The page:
Melissa Bennett is the Curator of Contemporary Art here at the Art Gallery of Hamilton. Among her many duties, Melissa is responsible for curating some of this past decade’s most-memorable AGH exhibitions, such as are you experienced?, Graeme Patterson: Secret Citadel, and the recent Hamilton Now: Subject and Object, which featured eighteen local artists exploring their identity and surroundings.
Reflecting on her work with artists local and beyond, Melissa and I sat down for an interview to discuss our latest artist-in-residence, Sylvia Nickerson.
Connor: To start off, let’s talk a little about your path to the AGH – what you have found important in your work so far, and what do you consider central to your work now?
Melissa: I’ve been in my role as Curator of Contemporary Art for about 10 years now, but I first came here having worked at a few different types of galleries. My experience came out of artist-run centres, commercial galleries, and an internship at the Canadian Museum of Contemporary Photography, and having that breadth of experience helped in coming to a public gallery.
My favourite part of all that past experience was working with living artists, so I came into my role here with that passion first and foremost. It’s important to advocate for artists and make space for their vision within the public realm and interpret that vision for the public. I always try to remain open to how we view and receive information, and always try to learn new ways of supporting artists and getting their vision across.
Of course, a main purpose of my role is to help educate the public and transmit the different ideas of artists – whether it’s an aesthetic exploration, a politically-motivated artwork, experimentation with different media, or the noticeable increase in artists working with social justice issues. One of the most important recent developments has been all the attention on equity – not just studying how to be aware of voices, but making sure you’re actually making space for them, and that’s reflected in a growing investment within our mandate as a Gallery.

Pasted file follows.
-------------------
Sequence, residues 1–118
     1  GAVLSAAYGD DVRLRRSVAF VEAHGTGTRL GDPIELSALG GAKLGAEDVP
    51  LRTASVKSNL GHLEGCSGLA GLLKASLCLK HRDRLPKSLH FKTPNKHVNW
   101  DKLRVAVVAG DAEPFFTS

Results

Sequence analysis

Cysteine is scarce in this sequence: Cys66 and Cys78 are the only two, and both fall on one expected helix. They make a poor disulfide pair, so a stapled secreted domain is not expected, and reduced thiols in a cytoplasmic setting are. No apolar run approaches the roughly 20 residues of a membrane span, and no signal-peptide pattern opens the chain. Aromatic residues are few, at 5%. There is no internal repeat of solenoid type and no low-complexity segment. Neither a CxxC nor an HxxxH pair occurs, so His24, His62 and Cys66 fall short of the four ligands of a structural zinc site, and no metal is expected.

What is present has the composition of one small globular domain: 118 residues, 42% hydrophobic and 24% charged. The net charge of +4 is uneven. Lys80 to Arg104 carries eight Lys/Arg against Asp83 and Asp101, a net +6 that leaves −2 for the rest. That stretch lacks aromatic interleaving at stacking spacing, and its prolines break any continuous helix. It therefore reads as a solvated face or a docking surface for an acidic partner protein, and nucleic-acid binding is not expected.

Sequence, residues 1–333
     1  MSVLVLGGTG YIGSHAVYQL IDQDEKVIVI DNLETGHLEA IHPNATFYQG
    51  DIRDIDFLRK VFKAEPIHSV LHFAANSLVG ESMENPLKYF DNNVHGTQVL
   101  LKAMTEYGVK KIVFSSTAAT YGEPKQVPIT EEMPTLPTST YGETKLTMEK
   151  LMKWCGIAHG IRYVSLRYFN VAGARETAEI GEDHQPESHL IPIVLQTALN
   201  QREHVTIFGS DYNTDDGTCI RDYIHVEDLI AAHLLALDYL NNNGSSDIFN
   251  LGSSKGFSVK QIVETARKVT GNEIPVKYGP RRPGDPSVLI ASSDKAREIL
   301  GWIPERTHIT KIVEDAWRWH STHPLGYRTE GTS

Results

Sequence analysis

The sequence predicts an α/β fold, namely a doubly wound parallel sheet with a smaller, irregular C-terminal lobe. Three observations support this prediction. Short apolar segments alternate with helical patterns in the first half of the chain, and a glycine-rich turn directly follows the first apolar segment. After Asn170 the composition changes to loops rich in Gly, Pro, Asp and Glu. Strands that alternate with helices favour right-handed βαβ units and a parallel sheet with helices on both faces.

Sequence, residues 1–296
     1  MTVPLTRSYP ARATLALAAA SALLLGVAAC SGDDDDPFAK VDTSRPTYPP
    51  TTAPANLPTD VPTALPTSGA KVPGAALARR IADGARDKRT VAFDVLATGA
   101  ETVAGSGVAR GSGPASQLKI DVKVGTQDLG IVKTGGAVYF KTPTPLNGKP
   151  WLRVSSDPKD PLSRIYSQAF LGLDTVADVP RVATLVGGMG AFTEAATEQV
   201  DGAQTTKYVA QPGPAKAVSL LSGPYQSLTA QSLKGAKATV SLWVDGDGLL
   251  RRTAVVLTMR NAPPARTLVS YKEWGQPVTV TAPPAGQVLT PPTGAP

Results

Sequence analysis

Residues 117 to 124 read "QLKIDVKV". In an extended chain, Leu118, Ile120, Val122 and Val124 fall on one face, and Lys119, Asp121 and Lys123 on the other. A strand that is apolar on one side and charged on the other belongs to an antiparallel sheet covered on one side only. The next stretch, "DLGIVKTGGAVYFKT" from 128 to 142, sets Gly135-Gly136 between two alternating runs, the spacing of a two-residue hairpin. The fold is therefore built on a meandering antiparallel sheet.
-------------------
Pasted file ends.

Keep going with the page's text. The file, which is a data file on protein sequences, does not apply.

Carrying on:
Connor: How do you view projects such as the artist residencies in this relationship between the Gallery and our communities?
Melissa: Well, the idea behind a residency is to create a space and platform for an artist to lead the creation of their own works, as well as community dialogue. It provides the public with an opportunity to converse directly with an artist and see how they make their work, helping to make our space come alive with it. This is of course a different challenge this year with COVID-19 restrictions, but we have shifted to accommodate that.
We invited Sylvia to be our artist-in-residence because of her past community work and her reflective approach to living in the city – looking at her comic illustrations, we saw so many possibilities within her work with how she interprets urban experience and how different that experience can be for different populations in a really personal way. She has also done outreach with different communities to incorporate others’ experiences into her work through a reciprocal process, and we were curious how that could develop within the Gallery space. Sylvia is so full of ideas and will use her residency in part to work with people to generate a new book exploring the type of content she’s an expert on now – thinking about how people are situated within the city based on their identity and what they’re experiencing.
Connor: Beyond the development of her new book, what else will Sylvia use her residency to explore?